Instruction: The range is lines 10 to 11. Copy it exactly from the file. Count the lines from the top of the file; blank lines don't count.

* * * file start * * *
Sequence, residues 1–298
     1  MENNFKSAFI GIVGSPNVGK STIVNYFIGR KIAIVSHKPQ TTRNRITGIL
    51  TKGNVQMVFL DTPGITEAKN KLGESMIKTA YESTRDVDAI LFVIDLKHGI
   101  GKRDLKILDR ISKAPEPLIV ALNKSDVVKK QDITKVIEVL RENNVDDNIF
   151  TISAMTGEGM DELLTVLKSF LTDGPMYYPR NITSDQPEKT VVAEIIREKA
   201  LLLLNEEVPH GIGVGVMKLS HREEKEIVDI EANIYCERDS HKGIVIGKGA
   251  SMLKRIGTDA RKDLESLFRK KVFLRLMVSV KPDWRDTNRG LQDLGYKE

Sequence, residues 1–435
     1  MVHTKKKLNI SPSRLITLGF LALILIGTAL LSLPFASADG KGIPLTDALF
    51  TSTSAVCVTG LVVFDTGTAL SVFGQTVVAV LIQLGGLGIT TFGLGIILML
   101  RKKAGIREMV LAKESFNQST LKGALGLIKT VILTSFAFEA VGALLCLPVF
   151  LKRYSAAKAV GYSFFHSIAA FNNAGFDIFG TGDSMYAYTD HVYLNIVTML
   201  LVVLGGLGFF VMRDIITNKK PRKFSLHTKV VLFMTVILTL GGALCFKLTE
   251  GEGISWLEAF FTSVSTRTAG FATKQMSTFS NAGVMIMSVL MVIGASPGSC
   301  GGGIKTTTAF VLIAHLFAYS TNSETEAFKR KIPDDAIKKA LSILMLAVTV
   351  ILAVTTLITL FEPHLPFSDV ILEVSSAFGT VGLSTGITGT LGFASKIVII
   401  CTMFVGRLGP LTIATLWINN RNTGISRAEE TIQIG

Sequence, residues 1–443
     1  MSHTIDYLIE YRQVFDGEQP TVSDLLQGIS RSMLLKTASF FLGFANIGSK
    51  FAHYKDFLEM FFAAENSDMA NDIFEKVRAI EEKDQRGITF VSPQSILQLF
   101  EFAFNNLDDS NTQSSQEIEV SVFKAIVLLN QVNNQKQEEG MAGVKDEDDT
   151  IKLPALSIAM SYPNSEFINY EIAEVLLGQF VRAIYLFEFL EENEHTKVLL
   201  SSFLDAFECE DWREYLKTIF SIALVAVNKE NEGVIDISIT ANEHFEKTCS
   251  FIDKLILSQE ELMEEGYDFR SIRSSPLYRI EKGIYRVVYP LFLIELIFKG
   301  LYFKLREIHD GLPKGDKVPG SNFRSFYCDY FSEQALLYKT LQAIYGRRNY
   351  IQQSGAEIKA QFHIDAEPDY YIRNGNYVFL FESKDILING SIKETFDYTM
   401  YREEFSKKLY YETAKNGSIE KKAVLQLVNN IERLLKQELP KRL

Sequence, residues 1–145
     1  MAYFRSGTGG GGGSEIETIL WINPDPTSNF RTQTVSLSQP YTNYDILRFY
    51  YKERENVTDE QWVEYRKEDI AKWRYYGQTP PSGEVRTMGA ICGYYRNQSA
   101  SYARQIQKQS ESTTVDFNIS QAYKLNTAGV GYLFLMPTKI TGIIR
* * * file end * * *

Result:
    51  TSTSAVCVTG LVVFDTGTAL SVFGQTVVAV LIQLGGLGIT TFGLGIILML
   101  RKKAGIREMV LAKESFNQST LKGALGLIKT VILTSFAFEA VGALLCLPVF